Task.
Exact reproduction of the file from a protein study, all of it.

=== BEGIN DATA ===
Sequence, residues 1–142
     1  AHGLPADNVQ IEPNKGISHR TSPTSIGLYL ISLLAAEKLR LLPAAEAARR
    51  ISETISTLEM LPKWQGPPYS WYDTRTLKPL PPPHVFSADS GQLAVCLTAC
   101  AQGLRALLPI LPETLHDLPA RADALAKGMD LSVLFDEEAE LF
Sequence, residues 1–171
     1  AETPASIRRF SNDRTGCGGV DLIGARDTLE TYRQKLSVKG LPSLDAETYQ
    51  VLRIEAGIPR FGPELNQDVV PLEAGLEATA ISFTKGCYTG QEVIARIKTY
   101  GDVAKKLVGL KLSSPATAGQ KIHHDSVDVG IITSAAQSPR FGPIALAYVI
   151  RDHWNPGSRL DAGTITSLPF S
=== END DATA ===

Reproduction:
Sequence, residues 1–142
     1  AHGLPADNVQ IEPNKGISHR TSPTSIGLYL ISLLAAEKLR LLPAAEAARR
    51  ISETISTLEM LPKWQGPPYS WYDTRTLKPL PPPHVFSADS GQLAVCLTAC
   101  AQGLRALLPI LPETLHDLPA RADALAKGMD LSVLFDEEAE LF
Sequence, residues 1–171
     1  AETPASIRRF SNDRTGCGGV DLIGARDTLE TYRQKLSVKG LPSLDAETYQ
    51  VLRIEAGIPR FGPELNQDVV PLEAGLEATA ISFTKGCYTG QEVIARIKTY
   101  GDVAKKLVGL KLSSPATAGQ KIHHDSVDVG IITSAAQSPR FGPIALAYVI
   151  RDHWNPGSRL DAGTITSLPF S